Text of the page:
Sometimes the best tools already exist and are sitting right in front of you. With some sandpaper and little pressure, a calligraphy nib can be the perfect tool for making crisp line drawings in clay.
As the daughter of a sign painter my appreciation for tools and love of the line were honed at a young age. My choice to major in ceramics resulted in an immersion into tool options and alterations. To this day, I still cringe at the limited lines and marks that the basic pottery tool kit’s contents made. The options for mark making were and still are predictable, standardized and, yawn, boring to see on everyone’s pots. And that pin tool? The lines it made at the hands of us amateurs incited the visual equivalent of nails on a chalkboard…The horror! The horror!
The big, clunky, wooden trimming tools with their dopey line-making abilities were swiftly dealt with by sharpening their edges on a sanding belt to, in effect, make new, customized snappy tools. This resulted in a variety of beveled edges and a world of exciting line qualities to experiment with. Even the fettling knife could be ground down to create a new, exciting, and exacting edge (thanks to ceramic artist Katrina Chaytor for that tip).
After a few years of ceramic practice, I wanted to pursue a harder, graphic line to be used in conjunction with my mishima technique (see 2–4). A plethora of tools can serve this purpose: X-Acto knives, quills, and yes, I have seen deft use of my nemesis, the pin tool. That said, none felt right for me and I struggled to find a tool to serve my purpose of achieving line clarity and sharpness. As with most of the Homer Simpson “doh” moments in my life, the answer was right under my nose, like a delicious donut. I can’t actually remember the reason I had a calligraphy pen in my studio, but it was there and the idea to use it for line making poked me in the eye!
After much experimentation, my winning calligraphy nib of choice has come to be the Speedball, globe-shaped #512 Bowl Pointed Nib (see 1). Still, it wasn’t perfect when used fresh out of the pack as the long, pointy, split end would wobble and create a faint double line on the leather-hard clay surface I love to incise in. Flashback to my years of tool altering, I experimented with gently grinding down the nib’s edges to create more of a gentle slope-to-point ratio. I tried a variety of abrasive surfaces, but settled on silicon-carbide sandpaper (150-grit), which can be easily ordered online. Subsequently, you can re-sharpen/reshape the tool edge by giving it a quick few strokes against the silicon-carbide surface from time to time (1).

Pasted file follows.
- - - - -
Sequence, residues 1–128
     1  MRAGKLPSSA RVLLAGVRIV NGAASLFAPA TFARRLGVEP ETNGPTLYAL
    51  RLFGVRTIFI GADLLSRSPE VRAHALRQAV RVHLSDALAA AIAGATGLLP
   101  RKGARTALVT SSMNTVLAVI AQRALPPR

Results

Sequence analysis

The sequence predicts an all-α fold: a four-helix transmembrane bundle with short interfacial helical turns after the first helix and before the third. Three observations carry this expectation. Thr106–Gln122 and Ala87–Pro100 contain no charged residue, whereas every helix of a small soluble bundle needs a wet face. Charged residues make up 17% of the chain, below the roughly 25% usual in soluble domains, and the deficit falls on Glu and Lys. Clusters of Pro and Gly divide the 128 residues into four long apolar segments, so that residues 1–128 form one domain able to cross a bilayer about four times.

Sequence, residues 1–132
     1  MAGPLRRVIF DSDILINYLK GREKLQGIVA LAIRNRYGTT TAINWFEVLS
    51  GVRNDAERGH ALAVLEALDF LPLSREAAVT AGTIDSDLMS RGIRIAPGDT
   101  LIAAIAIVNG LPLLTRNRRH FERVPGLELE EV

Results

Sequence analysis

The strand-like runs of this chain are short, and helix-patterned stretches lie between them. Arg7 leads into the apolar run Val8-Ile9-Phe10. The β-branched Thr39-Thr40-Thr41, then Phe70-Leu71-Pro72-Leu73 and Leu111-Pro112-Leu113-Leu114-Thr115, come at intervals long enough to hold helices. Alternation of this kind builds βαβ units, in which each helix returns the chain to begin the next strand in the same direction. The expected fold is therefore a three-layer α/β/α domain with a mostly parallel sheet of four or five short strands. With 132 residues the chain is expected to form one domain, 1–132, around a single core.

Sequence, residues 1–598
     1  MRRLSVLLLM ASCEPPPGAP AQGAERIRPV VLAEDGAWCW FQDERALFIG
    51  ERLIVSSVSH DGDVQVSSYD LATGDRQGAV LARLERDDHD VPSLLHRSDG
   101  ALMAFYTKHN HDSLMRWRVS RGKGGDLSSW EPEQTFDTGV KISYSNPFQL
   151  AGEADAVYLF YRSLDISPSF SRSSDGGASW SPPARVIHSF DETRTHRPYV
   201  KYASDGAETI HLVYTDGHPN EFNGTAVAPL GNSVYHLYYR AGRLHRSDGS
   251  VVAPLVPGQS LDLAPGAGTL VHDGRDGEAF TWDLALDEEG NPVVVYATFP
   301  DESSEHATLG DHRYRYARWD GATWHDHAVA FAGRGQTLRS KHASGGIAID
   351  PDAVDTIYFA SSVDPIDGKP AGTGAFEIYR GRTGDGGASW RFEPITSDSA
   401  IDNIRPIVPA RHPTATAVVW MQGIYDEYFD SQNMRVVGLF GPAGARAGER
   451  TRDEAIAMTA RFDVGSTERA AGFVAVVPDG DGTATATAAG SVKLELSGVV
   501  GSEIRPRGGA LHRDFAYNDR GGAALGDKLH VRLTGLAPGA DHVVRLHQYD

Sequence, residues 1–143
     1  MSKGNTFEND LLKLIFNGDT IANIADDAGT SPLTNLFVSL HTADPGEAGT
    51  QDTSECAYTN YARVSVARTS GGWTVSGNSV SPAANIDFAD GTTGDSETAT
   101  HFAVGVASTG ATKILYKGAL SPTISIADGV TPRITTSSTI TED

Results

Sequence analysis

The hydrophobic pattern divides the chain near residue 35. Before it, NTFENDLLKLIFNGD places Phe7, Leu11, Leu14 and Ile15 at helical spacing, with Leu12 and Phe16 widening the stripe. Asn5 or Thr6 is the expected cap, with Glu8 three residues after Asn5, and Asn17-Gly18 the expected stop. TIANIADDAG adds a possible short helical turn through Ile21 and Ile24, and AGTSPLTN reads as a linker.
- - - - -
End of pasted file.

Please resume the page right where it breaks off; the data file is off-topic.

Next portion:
By reducing the nib length and angle by just a little, I cut down on the tip’s wavering tendencies and gained the control I was missing. After that it was off to the starting line of successful line-age (2, 3)! Everything after that has been a matter of time spent on technique development, but I have never lost my “edge” since. Happy tool altering experimentation all and remember to always look at things from another angle!
the author Mariko Paterson, studied ceramics first at Langara College, then the Alberta College of Art & Design and received her MFA from Kent State University in Ohio. She owns Forage Studios, a private ceramics studio and color decal making business, in the seaside city of Halifax, Nova Scotia, Canada. For more information on Paterson’s entire process, visit the Star Techy page at www.foragestudios.com.
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